The Sunday edition of the NYTimes featured an article on Ken Price titled "The Blobs Aren’t Talking ," by Nick Stillman. While I am happy to see such a worthy artist get the spotlight, the article read more like a Wikipedia survey. The primary contributions by Mr. Stillman’s (beyond good gathering of facts) were his perplexity about the work not having explicit "meaning." Even the highlighted quote of the article states, "Ken Price may be having his moment, but don’t ask what his alluring sculptures mean." Also, "When it comes to discussing what these oddball shapes might mean, Mr. Price is notoriously elusive."
Would you ask that question about any work of art? To pretend art is simply a vehicle for some message reduces viewers into passive recipients rather than active experiencers. We don’t view artwork for knowledge, but rather experience. I am frankly surprised that this "lack of topicality" became the central theme when highlighting Ken Price’s career. While survey’s can be useful, I would have preferred an attempt to unpack why these quirky visual forms are so enigmatic and attractive.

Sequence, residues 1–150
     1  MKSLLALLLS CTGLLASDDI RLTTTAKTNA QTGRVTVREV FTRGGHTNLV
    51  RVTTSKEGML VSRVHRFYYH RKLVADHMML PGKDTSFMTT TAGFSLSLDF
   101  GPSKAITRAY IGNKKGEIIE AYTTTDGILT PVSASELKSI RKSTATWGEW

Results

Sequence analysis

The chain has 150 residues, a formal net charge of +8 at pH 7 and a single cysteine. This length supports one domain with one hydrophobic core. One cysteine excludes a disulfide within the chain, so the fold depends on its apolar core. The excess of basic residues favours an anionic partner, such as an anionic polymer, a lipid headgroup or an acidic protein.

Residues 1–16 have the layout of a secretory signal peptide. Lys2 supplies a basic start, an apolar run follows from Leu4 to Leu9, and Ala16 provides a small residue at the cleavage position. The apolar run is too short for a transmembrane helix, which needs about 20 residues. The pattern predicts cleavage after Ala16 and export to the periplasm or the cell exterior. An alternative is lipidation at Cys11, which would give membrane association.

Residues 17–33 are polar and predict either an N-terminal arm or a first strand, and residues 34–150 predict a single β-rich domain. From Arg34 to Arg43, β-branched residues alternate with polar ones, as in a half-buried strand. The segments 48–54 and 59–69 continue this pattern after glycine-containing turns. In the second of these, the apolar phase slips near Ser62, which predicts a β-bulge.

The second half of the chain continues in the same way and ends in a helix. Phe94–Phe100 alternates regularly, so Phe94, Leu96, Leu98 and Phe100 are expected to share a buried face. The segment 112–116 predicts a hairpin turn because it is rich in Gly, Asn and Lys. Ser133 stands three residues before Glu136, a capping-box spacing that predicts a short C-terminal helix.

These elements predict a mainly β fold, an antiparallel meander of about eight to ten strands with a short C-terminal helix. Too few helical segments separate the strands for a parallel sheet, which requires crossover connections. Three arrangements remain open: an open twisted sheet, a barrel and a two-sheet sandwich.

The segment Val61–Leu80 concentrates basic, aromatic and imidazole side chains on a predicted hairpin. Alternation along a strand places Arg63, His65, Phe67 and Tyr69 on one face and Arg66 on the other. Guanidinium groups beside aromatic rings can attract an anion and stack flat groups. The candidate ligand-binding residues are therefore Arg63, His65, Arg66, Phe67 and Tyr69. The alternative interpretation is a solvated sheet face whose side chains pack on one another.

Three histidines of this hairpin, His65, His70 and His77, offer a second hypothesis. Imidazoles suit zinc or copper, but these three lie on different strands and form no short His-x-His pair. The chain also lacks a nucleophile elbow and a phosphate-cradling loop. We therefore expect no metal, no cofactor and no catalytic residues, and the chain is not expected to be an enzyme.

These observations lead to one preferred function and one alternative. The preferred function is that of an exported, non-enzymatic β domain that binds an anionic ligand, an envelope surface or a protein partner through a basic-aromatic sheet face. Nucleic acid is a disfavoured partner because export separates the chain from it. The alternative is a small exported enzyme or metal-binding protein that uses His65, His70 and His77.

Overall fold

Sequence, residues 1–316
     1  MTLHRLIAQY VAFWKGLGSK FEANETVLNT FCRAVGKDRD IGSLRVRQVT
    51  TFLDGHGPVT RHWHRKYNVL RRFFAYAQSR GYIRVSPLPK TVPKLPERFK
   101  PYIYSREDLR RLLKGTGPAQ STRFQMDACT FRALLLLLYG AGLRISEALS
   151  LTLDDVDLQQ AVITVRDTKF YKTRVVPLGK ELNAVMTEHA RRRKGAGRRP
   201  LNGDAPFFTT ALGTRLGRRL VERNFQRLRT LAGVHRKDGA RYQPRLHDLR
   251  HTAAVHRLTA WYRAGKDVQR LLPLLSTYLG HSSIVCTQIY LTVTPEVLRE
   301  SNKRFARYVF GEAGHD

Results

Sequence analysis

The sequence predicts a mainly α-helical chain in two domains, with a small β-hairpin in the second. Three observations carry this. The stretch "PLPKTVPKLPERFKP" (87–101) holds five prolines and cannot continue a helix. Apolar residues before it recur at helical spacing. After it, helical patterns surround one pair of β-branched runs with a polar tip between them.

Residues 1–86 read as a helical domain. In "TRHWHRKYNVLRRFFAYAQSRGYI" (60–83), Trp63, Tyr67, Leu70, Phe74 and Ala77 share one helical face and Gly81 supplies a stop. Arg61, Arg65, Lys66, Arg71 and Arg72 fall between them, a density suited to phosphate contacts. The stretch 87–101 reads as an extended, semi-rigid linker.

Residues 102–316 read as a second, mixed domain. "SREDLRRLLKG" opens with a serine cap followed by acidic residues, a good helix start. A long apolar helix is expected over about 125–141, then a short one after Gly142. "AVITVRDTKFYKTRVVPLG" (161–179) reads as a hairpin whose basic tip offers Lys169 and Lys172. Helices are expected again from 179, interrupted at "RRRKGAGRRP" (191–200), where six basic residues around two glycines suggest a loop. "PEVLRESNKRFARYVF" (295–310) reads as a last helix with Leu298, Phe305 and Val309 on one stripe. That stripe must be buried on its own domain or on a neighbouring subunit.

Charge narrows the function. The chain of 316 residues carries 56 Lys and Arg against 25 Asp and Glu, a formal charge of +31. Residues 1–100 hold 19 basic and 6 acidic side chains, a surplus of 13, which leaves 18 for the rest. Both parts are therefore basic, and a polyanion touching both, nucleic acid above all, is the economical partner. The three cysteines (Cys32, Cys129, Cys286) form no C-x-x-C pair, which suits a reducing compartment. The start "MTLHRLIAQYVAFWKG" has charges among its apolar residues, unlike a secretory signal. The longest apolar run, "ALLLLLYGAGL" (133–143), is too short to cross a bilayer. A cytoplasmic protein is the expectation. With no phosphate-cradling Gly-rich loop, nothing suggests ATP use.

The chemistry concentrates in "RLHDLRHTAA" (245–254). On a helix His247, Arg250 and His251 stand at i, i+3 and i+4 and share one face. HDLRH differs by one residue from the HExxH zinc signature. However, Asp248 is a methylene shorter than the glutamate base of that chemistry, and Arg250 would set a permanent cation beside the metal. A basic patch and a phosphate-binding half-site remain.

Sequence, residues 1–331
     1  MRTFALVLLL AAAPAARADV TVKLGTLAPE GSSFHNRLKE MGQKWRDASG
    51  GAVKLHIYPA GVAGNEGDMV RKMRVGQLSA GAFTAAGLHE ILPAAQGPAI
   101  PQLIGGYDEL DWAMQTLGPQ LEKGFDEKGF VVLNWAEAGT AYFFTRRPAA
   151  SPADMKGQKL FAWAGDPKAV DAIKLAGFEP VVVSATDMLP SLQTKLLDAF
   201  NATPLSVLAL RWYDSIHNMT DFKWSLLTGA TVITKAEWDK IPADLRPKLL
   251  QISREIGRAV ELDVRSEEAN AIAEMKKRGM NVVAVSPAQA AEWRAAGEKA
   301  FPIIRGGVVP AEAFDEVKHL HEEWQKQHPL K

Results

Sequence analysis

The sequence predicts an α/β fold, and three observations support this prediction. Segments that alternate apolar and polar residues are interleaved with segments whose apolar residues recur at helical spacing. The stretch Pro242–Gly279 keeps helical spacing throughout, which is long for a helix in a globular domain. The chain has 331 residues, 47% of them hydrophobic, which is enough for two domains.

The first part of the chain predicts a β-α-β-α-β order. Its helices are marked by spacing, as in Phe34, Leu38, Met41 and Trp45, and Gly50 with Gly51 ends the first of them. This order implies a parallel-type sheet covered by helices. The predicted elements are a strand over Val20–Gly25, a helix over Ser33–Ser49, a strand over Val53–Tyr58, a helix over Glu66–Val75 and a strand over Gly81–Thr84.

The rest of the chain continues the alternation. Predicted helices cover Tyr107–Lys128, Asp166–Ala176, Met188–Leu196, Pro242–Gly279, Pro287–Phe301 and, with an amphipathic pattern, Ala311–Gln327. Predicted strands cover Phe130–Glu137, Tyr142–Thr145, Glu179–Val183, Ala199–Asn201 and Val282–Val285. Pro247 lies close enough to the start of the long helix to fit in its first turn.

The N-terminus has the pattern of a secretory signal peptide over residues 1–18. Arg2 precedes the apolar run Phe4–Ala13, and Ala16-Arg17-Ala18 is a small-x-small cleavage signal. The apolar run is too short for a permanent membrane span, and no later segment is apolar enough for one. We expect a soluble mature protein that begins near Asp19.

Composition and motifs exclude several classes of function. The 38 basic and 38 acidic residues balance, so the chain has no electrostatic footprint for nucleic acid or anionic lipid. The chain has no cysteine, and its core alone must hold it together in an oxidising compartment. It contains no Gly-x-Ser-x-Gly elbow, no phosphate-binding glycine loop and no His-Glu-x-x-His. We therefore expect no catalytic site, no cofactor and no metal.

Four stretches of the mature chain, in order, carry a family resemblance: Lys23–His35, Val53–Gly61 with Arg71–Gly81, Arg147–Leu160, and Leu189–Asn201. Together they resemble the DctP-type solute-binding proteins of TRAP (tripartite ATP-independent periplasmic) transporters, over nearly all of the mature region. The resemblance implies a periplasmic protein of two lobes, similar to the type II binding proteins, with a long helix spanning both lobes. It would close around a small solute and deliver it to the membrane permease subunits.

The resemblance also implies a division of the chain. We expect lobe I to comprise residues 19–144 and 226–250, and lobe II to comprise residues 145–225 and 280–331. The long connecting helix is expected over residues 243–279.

I enjoyed the article overall, but can’t stand it when writers act like "meaning" should be something more concrete and readily accessible.
UPDATE: Perhaps this theme was just a "hook" for general audiences, a (very) subtle introduction to abstraction? I can’t tell …
also by Chris Jagers
- The Perot Museum and Downtown Dallas - December 12th, 2012
- A Dream Deferred - April 10th, 2011
- Would Van Gogh be Making Apps? - March 30th, 2011
- Dallas Arts District (IN LEGOS) - July 3rd, 2010
- Kana Harada: The Way Home - May 24th, 2010